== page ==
Friday is Halloween. Of course, we've got a Poe quote here. I'd be remiss not to.

Worth a Thousand Words: A Lane

John Atkinson Grimshaw, A Lane
John Atkinson Grimshaw's work all seems wonderfully gloomy, which is perfect for this time of year. Who is that figure in the moonlight, dwarfed by the trees and sky? An innocent traveler out late? Someone sinister? Someone in need? We are left to wonder.

Halloween is coming ...

... and Doug Savage is ready with a week's worth of Halloween cartoons coming up at Savage Chickens.


Friday, October 24, 2014

In an attempt to make the best zombie movie ever ...

... Julie and Scott meet their friends at the train station late at night to film a Big Scene. It gets crazy after that. If it wasn't for Tam, their explosives expert, they'd have been in a real mess.

We discuss Scott's movie choice, Super 8, written and directed by J.J. Abrams, at A Good Story is Hard to Find podcast.

In which we go camping and encounter a terrifying trio at the Wailing Well.

An M.R. James classic ghost story (with Boy Scouts!), read for us by Scott Danielson and awaiting your listening pleasure at Forgotten Classics.

Tuesday, October 21, 2014

2014 Ladies' Horror Film Fest Report

This isn't every movie we tried because some movies ran into technical or other difficulties (Shaun of the Dead had accents too strong for Mom to understand but we couldn't get the captioning on her tv to work right, for example). Some she just didn't like so we quit watching after 15 or 20 minutes.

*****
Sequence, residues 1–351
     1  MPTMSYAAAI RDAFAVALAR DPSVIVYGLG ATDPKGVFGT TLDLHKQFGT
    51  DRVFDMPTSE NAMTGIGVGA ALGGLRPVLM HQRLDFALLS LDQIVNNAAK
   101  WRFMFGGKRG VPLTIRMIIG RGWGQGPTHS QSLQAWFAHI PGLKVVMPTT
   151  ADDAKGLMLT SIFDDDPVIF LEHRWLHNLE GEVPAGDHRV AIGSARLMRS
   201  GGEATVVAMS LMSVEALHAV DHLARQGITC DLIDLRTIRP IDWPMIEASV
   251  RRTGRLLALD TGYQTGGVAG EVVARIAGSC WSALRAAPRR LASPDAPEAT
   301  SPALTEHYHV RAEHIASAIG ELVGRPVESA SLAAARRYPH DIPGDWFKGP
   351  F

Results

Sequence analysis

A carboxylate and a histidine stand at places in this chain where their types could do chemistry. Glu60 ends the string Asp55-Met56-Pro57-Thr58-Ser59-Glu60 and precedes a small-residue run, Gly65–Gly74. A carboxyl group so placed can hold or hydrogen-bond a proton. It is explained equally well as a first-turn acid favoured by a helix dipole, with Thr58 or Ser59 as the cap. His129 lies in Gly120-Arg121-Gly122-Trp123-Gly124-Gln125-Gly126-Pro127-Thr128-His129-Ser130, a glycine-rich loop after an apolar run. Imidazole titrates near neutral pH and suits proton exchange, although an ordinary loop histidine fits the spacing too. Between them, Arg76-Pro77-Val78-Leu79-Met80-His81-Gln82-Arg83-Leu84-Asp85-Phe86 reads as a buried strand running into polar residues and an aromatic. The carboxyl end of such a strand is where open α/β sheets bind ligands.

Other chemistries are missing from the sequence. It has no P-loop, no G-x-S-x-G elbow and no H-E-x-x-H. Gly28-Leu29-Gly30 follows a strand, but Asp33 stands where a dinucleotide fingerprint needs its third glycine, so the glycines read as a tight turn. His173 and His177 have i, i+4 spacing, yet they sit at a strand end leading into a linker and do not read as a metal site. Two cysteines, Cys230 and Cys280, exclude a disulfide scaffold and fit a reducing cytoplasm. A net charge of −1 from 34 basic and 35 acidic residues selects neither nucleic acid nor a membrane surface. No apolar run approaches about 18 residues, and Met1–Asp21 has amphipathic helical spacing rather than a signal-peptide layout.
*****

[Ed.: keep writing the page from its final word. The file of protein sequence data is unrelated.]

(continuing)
We also took a leisurely attitude. Sometimes we did outside activities like cutting out quilting materials for Mom or making a cake or sitting by the ocean for a lovely dinner. And so forth. Such are the joys of homegrown film festivals!

The ratings below reflect my own opinion and not those of my fellow viewers. Also, don't miss below for What We Learned!

It was a blast overall and I highly recommend such festivals to any movie-loving family! In fact, we were already beginning a list for the next film fest (not horror based) before we left.

FRIDAY

Halloween 1978

★★★★★

Part of the horror film fest that my mother, oldest daughter and I had over the weekend. We watched my mother's copy. Yeah. You read that right. I told you she was a horror film fan, which was confirmed when she said she watched The Texas Chainsaw Massacre to see why a friend liked it. Bottom line, she was surprised that it was so funny.